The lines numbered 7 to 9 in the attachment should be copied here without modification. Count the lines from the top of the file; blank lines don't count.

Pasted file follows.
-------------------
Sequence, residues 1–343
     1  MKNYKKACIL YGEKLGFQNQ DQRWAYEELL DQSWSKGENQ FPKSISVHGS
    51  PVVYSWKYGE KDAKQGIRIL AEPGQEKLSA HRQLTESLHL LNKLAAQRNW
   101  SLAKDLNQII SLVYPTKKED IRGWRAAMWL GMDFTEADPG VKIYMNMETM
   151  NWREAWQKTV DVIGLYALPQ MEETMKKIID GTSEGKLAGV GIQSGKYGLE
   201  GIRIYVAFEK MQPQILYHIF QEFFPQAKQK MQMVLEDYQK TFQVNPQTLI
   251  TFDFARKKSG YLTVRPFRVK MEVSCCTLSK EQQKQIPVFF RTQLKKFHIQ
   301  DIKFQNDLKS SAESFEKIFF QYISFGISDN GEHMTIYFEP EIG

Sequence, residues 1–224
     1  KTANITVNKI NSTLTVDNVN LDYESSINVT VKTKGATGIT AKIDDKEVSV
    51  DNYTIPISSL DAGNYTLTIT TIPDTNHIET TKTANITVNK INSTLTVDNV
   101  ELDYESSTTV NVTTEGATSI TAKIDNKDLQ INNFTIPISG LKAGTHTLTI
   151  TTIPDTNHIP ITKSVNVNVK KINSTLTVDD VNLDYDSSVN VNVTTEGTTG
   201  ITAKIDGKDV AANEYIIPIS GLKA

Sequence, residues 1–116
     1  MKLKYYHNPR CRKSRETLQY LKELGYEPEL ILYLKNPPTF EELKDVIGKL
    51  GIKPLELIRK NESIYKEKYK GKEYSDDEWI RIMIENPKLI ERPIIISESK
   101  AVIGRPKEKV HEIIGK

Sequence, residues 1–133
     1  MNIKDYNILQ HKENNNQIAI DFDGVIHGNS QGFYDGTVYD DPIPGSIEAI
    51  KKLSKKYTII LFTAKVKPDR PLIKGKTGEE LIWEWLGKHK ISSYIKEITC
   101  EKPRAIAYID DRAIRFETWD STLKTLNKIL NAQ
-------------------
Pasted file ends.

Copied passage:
   251  TFDFARKKSG YLTVRPFRVK MEVSCCTLSK EQQKQIPVFF RTQLKKFHIQ
   301  DIKFQNDLKS SAESFEKIFF QYISFGISDN GEHMTIYFEP EIG

Sequence, residues 1–224